Ps. 27: A Contemporary Restatement

Leslie F. Brandt served around the world as a pastor, evangelist, and writer. Psalms Now has sold hundreds of thousands of copies. These modern restatements first appeared in his weekly church bulletin and in This Day magazine in the 1970s. Brandt died in 2001.


Psalms/Now (Concordia Publishing House), p. 47

With the living and eternal God as my goal and guide,

     fear and anxiety need have no place in my life.

All the evil in the world cannot destroy Him

     nor can it destroy anyone within His loving embrace.

The very legions of hell lay siege to my soul,

     only to be thwarted by a power far greater.


I have one primary and ultimate desire:

     to abide within the love and acceptance of God

Within His tender care I know I am safe.


Thus I shall stand tall

     regardless of threatening enemies

       and the tyranny of evil.

I will counter the subtle voices of temptation

     with exclamations of praise to my God.


My God does hear when I cry out to Him.

He does not ignore my needs;

     neither is He indifferent to my desires.

He will not let me go even if my own family

     should turn against me.

He will sustain me and keep me on course

     through the dangers and pitfalls of this life.


It is possible to know and experience Gods love

     in this uncertain, tumultuous existence.

Take courage, step out in faith, scorn the consequences,

     and let God have His way with you.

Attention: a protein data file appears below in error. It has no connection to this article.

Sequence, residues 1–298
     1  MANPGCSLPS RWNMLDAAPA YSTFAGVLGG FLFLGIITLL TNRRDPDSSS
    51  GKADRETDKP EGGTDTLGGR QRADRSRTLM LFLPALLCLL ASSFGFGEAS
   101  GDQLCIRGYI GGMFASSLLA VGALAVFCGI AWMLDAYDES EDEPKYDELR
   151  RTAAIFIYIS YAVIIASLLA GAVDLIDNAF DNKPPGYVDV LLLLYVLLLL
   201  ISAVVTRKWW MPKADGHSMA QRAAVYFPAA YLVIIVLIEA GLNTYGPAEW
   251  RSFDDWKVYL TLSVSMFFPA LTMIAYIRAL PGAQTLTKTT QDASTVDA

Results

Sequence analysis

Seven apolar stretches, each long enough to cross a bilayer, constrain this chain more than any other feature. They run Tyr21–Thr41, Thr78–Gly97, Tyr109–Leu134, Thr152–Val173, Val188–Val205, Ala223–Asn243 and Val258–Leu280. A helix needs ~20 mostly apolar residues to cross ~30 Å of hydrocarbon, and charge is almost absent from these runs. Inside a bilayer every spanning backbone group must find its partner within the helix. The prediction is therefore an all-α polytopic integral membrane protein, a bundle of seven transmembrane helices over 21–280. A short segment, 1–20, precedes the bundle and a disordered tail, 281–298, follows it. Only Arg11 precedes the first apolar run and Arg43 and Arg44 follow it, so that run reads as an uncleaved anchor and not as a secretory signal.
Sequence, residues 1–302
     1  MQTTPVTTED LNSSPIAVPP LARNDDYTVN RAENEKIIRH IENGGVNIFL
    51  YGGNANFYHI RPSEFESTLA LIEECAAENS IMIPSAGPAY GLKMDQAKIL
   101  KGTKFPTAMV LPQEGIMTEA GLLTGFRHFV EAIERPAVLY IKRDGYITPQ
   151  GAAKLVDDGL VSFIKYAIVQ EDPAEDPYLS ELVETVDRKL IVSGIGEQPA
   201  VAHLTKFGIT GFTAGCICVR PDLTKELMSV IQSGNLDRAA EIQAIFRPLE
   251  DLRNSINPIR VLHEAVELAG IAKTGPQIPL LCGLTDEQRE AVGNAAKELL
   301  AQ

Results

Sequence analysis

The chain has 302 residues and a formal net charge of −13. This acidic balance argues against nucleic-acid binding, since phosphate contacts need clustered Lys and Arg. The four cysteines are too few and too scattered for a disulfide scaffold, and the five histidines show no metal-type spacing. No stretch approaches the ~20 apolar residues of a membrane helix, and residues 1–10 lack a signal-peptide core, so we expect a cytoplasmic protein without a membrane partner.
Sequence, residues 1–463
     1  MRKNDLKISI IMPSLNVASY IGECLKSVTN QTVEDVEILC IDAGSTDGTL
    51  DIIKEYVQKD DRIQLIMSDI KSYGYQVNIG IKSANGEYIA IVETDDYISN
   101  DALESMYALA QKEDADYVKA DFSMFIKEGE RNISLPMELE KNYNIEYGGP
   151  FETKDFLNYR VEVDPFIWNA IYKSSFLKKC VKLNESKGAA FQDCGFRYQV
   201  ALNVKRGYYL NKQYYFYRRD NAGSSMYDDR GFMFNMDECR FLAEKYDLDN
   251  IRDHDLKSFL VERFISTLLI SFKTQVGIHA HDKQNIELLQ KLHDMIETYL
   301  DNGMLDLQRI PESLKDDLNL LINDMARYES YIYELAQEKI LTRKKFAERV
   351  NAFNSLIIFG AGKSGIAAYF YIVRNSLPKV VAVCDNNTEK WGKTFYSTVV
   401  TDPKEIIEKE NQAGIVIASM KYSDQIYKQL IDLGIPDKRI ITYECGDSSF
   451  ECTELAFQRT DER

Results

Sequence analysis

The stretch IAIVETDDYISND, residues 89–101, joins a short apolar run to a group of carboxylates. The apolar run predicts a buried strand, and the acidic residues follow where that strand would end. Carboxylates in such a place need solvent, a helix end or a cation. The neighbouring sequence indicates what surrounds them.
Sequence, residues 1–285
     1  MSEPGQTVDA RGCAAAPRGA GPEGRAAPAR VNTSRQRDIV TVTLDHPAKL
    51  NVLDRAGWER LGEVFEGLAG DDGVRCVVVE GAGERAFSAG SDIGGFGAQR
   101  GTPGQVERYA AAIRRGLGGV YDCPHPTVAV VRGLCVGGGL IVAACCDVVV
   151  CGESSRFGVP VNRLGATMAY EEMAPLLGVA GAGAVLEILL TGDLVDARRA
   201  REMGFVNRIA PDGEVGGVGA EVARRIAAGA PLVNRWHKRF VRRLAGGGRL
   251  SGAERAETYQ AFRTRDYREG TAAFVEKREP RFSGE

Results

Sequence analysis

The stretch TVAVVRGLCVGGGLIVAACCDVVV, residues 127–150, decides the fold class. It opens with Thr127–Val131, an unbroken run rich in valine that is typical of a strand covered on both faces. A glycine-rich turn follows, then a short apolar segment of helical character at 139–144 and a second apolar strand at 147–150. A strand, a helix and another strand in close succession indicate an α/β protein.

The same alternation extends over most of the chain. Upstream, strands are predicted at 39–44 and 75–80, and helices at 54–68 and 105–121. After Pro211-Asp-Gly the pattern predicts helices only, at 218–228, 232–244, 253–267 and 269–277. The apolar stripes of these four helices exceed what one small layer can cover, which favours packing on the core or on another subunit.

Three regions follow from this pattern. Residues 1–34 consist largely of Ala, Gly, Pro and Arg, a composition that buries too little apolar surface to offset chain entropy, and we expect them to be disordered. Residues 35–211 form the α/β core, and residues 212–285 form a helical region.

Read more about the PsalmSeason here & subscribe for email updates.


If you are looking for a way to become an interfaith leader, work for racial equity and build bridges, please check out our free curriculum "We Are Each Other's" and start your interfaith leadership today

more from IFYC

Haaland, a member of the Pueblo of Laguna, is the first Native American to serve as a U.S. Cabinet secretary.
The average congregation these days is small — about 70 people — but the majority of churchgoers are worshipping in a congregation of about 400 people.
The metaverse has dramatic implications that should make all of us sit up, lean in, and claim our role in shaping the worlds within the world that is being created.  
Decades of silence, stigma, and structural barriers to treatment and testing have allowed the epidemic to spread, claiming the lives of far too many of our Black friends and families.   
Mawiyah Bomani, a Tarot reader in Louisiana, used to make her own Tarot cards until she found a deck celebrating spiritual practices throughout the African Diaspora. "I hoped and wished to find a deck with me in it," she says.
In this week's round up, a Buddha gets a paint job, a Black interfaith social media account goes viral, and Indigenous activists speak out.
A new U.S. Army program called the Spiritual Readiness Initiative is designed to help soldiers connect spirituality across many faiths, and no faith. The chief Army chaplain introduced the program, which includes a three-day retreat.
The fiberglass Buddha belongs to the Pittsburgh Buddhist Center, which practices the Theravada vehicle of Buddhism common in Sri Lanka. The auto shop that repaired the statue said the Buddha "was a big hit" with customers.
Faith-based activists who met at protests against oil pipelines are joining forces to fight deforestation in the manufacture of products like toilet paper and shampoo. "We are connected spiritually," one activist said.

The opinions contained in this piece are solely the author’s and do not necessarily reflect the views of Interfaith Youth Core. Interfaith America encourages a wide range of views and strives to maintain a respectful tone with a goal of greater understanding and cooperation between people of different faiths, worldviews, and traditions.